Binding agreement in Cook case calls for judge to either accept or reject 18-month sentence

News-DemocratJanuary 25, 2014 

In a November 2013 file photo, Michael Cook tries to make his way past reporters and camera crews outside the federal courthouse.


Under the terms of former St. Clair County Circuit Judge Michael Cook's plea agreement, U.S. District Judge Joe Billy McDade can't just impose a sentence on Feb. 26, he can only accept or reject the plea agreement that calls for an 18-month sentence.

Assistant U.S. Attorney James Porter said Cook could have received probation up to six months in prison under federal sentencing guidelines and prosecutors wanted to ensure Cook received a prison sentence so they agreed to a binding plea agreement in the heroin possession and weapons case.

"We made sure the plea agreement contained a sentence that was higher than he may have received," Porter said.

If McDade rejects the plea agreement, Cook would likely withdraw his guilty plea and go to trial or his lawyers would go back and try to negotiate another deal with prosecutors but with the understanding the judge is going to expect a longer prison sentence, said Andrew Leipold, University of Illinois School of Law professor.

"For the defense, something bad has happened," Leipold said. "They may go back and still be willing to stick with the guilty plea and renegotiate the deal, but the drawing board looks different now. They may have to enter into a less favorable deal to the defense."

Cook, 43, then a sitting St. Clair County Circuit judge, was arrested on May 22 outside Sean McGilvery's home on North 38th Street in Belleville. He later was charged with possession of heroin and being the user of a controlled substance in possession of weapons. Cook resigned from the bench after his arrest.

McGilvery was sentenced to 10 years on Thursday.

Federal sentencing guidelines are no longer mandatory and now judges use them in an advisory capacity, said University of Missouri School of Law professor Frank Bowman, who served as special counsel to the U.S. Sentencing Commission. He said prosecutors may drop the binding agreement, make a recommendation and leave it to the judge to decide the sentence.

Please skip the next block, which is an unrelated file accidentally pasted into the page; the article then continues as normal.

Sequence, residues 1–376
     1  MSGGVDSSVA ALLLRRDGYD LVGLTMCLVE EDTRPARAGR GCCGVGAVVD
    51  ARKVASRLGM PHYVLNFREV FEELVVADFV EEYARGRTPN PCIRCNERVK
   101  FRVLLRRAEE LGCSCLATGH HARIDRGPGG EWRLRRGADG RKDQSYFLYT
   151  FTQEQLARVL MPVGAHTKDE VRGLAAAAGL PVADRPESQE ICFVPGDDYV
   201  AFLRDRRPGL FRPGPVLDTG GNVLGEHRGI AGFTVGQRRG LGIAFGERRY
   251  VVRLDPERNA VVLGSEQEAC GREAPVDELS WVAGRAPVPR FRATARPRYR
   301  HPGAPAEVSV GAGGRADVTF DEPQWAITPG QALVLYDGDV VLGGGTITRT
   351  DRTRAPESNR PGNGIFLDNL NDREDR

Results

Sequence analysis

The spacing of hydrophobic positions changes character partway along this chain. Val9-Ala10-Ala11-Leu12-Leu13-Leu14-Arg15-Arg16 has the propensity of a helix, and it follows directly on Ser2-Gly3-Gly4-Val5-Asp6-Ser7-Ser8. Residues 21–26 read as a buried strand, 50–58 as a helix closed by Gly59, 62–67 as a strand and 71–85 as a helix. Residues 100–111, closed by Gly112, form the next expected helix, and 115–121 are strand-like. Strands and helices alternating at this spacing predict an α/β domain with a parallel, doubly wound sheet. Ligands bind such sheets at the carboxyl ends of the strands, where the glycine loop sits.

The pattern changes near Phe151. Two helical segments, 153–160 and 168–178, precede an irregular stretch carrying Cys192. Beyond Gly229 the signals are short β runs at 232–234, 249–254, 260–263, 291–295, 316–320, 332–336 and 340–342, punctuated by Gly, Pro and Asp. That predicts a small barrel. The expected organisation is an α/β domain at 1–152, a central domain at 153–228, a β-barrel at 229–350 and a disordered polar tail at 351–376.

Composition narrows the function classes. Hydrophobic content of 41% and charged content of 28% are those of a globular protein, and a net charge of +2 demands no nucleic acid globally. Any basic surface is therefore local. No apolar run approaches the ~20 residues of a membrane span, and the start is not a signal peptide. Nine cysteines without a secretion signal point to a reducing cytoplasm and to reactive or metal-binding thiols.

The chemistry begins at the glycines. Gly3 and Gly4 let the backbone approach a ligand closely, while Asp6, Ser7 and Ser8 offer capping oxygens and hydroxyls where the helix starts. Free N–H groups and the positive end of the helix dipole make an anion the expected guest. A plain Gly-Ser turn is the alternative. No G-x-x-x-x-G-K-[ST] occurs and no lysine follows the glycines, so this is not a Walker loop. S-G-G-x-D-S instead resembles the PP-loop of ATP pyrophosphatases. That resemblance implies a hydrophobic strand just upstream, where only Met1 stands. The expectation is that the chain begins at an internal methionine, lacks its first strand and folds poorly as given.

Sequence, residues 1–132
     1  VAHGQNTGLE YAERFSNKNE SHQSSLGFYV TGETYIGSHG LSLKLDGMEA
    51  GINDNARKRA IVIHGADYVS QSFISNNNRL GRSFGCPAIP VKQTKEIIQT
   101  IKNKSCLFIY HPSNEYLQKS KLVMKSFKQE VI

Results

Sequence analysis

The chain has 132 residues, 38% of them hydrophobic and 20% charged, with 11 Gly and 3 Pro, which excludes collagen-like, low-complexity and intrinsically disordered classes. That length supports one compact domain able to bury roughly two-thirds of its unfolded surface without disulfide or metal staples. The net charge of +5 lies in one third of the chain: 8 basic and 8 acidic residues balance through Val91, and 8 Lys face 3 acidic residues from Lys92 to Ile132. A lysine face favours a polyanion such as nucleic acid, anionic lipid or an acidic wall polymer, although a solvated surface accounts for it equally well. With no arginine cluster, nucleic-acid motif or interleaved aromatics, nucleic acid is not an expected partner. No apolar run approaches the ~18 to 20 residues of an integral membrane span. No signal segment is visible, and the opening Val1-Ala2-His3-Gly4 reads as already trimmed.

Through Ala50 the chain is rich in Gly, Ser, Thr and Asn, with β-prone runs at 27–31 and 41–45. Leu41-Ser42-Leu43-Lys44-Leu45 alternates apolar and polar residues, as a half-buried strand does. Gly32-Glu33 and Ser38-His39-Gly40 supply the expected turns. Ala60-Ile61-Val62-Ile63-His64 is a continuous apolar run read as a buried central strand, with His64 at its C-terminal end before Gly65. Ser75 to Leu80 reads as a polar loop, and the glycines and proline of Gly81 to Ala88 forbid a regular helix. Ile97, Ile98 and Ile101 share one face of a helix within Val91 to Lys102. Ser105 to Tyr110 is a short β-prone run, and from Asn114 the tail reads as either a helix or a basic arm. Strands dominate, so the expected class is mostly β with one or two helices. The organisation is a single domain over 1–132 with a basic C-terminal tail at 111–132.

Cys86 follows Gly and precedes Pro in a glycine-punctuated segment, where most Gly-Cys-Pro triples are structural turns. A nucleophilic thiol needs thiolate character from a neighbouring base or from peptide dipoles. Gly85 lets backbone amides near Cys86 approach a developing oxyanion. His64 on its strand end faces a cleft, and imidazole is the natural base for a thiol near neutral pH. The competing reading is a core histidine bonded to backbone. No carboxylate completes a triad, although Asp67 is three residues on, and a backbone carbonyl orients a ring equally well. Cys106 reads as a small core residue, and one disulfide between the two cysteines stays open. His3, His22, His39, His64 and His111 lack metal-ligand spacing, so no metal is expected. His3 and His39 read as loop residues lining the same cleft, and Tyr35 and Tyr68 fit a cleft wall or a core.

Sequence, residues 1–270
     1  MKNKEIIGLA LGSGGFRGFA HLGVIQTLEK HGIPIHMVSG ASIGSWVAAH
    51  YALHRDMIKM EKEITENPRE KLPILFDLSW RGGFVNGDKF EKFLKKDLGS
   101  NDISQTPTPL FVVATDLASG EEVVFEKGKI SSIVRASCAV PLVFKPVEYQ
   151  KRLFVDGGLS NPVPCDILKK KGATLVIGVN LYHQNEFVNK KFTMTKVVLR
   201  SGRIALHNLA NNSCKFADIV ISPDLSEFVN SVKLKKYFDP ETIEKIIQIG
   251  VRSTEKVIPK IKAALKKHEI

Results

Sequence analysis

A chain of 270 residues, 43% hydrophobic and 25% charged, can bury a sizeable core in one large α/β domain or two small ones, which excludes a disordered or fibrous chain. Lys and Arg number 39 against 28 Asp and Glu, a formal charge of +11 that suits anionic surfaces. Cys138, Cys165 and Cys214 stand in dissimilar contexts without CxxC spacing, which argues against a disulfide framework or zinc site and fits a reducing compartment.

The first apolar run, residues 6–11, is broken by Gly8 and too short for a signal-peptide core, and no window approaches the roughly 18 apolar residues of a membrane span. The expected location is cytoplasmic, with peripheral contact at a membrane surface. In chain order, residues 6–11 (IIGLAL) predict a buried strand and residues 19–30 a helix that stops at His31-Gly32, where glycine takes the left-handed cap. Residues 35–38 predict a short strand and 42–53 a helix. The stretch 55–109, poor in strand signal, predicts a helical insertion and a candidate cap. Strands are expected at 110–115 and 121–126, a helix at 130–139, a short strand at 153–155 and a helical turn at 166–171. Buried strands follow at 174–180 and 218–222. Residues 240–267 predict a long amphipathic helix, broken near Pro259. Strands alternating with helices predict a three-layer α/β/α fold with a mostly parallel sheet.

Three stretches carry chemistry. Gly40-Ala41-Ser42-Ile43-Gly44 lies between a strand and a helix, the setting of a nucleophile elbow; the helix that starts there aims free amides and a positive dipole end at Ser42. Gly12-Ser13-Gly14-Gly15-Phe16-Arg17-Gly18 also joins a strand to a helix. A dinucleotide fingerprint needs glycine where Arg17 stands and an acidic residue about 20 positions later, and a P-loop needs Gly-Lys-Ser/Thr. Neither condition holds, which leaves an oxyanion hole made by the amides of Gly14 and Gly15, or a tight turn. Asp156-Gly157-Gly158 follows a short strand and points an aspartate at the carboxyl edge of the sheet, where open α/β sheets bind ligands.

In those type of plea agreements, the judge has wide discretion to impose sentence, as long as the reasons for a longer or shorter sentence are enunciated.

"As long as they give an explanation and it's not stark raving mad, the appellate court will uphold it," Bowman said.

McDade ordered a new investigation on Jan. 8, stating that there were reasons to impose a stiffer sentence than the 18 months agreed to by prosecutors and the defense.

McDade stated in a written order that there were three reasons to impose a longer sentence: The fact that Cook was a judge and never sought help even after the death of friend and colleague Joe Christ, that the charges disrupted governmental functions, and that they caused the loss of public confidence in the judicial system.

Leipold and Bowman agreed McDade properly notified the defense and prosecutors when he asked for more investigation before the sentencing.

"It appears that he had some questions and he wanted those answered and he wanted to let them know what he was thinking in his order," Leipold said.

In his order, McDade references the original pre-sentence report that stated: "Specifically, the defendant was a Circuit Court Judge and presided over cases involving the very conduct for which he is now convicted. The potential impact of his conduct, in how it may have affected trials he presided over and sentences he imposed while addicted to illegal substances, are immeasurable yet cannot be ignored. In addition, based on his position in the community, his actions erode public confidence in the judicial system."

Contact reporter Beth Hundsdorfer at or 618-239-2570.

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